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Readings: 16 November 2012 - 2nd Sunday before Advent

09 November 2012


2nd Sunday before Advent

Daniel 12.1-3; Hebrews 10.11-14 [15-18], 19-25; Mark 13.1-8

Heavenly Father, whose blessed Son was revealed to destroy the works of the devil and to make us the children of God and heirs of eternal life: grant that we, having this hope, may purify ourselves even as he is pure; that when he shall appear in power and great glory we may be made like him in his eternal and glorious kingdom; where he is alive and reigns with you, in the unity of the Holy Spirit, one God, now and for ever. Amen.

IN WHAT or in whom do we trust? The pre-Advent readings nudge us nearer and nearer to its sobering themes of coming judgement and salvation. Daniel's sombre vision of anguish and deliverance, possibly recorded during the violent Maccabean period, encapsulates this. Amid alarm, there is hope of vindication.

The collect, too, steers our thoughts resolutely towards cataclysmic events preceding the coming of God's Kingdom, to which Mark's Gospel has pointed from its opening verses. A natural response is to seek security.

As Jesus left the Temple, someone commented about its large stones and expansive buildings. We sense awe and approval; for Herod's Temple was indeed big and beautiful, representing God's presence among the people. Jesus did not condemn its scale, but simply stated that it would be demolished - something as unthinkable as predicting the destruction of the Twin Towers.

The disciples wanted to know more, but Jesus neither explained nor answered their questions. Instead, he warned them not to be led astray by others, or to despair at alarming events. His agenda was different: essentially, whatever happened, they should continue to live by Peter's recognition of him as Messiah (Mark 8.29).

Buildings such as the Temple carry meaning. Recently, I visited the world's second-largest building, the People's Palace in Bucharest. Its massive bulk looms oppressively over the city, speaking in stone not of God, but of tyranny.

The homes of 40,000 people, hospitals, schools, churches, the national archive, a stadium, and a monastery were destroyed to satisfy Ceausescu's megalomania; 20,000 people, including conscripts and prisoners, laboured on it. Although disturbingly beautiful inside, thanks to the diversion of the life-blood of the Romanian economy, and of raw materials and craftsmanship to its construction, it is eerily empty and grotesque in its hubris.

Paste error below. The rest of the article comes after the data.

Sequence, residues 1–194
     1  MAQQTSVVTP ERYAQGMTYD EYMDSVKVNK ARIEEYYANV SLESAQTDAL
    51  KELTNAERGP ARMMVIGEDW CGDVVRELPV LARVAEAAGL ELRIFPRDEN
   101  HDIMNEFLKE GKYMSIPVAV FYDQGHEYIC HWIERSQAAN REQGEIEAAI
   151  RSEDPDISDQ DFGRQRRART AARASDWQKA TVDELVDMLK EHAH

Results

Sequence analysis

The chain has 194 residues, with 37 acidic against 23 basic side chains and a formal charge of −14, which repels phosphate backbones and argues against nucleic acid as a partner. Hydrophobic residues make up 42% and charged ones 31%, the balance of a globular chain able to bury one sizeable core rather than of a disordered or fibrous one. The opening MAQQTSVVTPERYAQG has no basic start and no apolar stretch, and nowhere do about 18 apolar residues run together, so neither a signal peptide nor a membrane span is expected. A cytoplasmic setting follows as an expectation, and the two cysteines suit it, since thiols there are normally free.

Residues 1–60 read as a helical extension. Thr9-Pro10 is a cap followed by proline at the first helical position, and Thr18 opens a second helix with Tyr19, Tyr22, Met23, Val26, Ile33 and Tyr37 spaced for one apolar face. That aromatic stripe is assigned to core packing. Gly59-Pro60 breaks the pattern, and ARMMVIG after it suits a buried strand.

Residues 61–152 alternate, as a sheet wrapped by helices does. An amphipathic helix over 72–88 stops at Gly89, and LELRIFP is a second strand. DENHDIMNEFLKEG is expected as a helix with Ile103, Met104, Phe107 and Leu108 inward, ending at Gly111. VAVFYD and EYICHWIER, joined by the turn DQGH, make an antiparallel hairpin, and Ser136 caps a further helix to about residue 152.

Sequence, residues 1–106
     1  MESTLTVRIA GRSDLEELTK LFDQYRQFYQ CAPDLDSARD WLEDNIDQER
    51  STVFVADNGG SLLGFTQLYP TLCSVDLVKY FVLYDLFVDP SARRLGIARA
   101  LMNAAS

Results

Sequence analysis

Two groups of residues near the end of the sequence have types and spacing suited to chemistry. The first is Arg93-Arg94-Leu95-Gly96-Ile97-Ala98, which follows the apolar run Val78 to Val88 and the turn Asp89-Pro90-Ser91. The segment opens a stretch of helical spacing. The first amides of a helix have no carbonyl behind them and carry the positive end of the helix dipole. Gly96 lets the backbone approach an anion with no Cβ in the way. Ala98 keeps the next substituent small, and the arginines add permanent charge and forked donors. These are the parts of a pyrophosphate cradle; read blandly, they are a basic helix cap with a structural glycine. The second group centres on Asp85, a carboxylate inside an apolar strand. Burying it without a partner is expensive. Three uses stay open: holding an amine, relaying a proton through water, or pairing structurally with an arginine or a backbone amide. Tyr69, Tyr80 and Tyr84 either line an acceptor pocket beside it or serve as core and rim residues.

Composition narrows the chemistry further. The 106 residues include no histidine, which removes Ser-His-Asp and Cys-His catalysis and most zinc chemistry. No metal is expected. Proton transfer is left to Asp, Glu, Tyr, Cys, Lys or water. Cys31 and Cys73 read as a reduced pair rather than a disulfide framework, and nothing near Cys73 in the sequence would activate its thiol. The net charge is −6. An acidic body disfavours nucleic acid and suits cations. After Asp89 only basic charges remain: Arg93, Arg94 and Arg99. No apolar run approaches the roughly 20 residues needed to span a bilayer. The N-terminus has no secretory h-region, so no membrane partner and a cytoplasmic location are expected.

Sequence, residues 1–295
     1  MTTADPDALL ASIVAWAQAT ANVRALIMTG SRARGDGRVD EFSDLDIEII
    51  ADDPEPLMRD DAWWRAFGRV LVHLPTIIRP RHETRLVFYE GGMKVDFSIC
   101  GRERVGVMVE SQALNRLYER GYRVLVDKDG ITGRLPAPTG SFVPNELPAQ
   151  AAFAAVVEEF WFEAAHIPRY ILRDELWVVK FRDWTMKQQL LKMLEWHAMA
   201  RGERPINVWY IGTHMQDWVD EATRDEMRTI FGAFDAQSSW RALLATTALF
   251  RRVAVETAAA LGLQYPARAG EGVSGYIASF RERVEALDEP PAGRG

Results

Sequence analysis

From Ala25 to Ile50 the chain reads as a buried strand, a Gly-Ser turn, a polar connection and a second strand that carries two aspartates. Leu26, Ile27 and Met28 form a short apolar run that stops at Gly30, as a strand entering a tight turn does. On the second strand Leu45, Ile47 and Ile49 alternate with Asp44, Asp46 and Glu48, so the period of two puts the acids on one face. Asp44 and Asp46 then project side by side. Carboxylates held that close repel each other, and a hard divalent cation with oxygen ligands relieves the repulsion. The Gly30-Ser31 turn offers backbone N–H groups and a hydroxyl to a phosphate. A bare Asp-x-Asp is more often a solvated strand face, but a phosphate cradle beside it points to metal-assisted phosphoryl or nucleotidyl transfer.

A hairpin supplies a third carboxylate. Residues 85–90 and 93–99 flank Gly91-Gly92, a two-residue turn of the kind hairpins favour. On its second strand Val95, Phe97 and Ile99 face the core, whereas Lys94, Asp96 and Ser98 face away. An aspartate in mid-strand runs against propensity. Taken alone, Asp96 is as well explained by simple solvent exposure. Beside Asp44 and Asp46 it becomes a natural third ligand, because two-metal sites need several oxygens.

Knowing that I would be writing this column, as I walked around the tiny (but enormous) part open to the public, I pondered Jesus's seeming non sequitur about large buildings and not being led astray towards false messiahs. After the revolution in Romania in 1989, demolition was indeed proposed, but, ironically, proved too costly. Instead, it remains as a monstrous postscript to a toppled dictator who built it to enforce his cult of personality.

Large buildings face us with theological questions such as those about where we should place our trust. The Temple was destroyed. On the other hand, St Cuthbert supposedly raised a mist to save Durham Cathedral from Nazi bombing, a story that makes the question "What about Coventry Cathedral?" difficult to answer. Mercifully, with God's grace, the people of Coventry were not led astray when their cathedral was blitzed.

The Temple, where God's glory dwelt (Isaiah 6.1-4), was the very meeting-place of God and humanity, the focus of their identity as God's people. But now, as Jesus's interaction with the Temple mounted to its climax, he, the Messiah whom the Temple's religion looked towards, was present opposite it.

Having looked around it, cleansed it in a way that symbolised the end of its sacrificial functions (Mark 11.15-16), condemned it as a den of robbers, sat "opposite" its treasury boxes watching people put in large sums of money to maintain its large buildings (Mark 12.41), now Jesus sat "opposite" it on the Mount of Olives, from where he had first entered Jerusalem a few days earlier.

Jesus confronted the Temple geographically and in his fulfilment of all it represented. The references to posture are significant: in the Temple, the priest stood (Hebrews 10.11) to make repeated offerings; both inside (Mark 12.41) and outside (Mark 13.3), Jesus sat, a sign of work complete. All that remained was for its curtain, demarcating the Holy of Holies, to be shredded at the moment of his death (Mark 15.38).

At the end of the church year, we hear how Jesus opened a new and living way through his flesh for us to enter the sanctuary at the heart of the Temple. This is where Mark's Gospel has been leading us all year; it is the foundation of our hope as we look towards another Advent. As the disciples were charged, let us not be led astray, but hold fast the confession of our hope without wavering.

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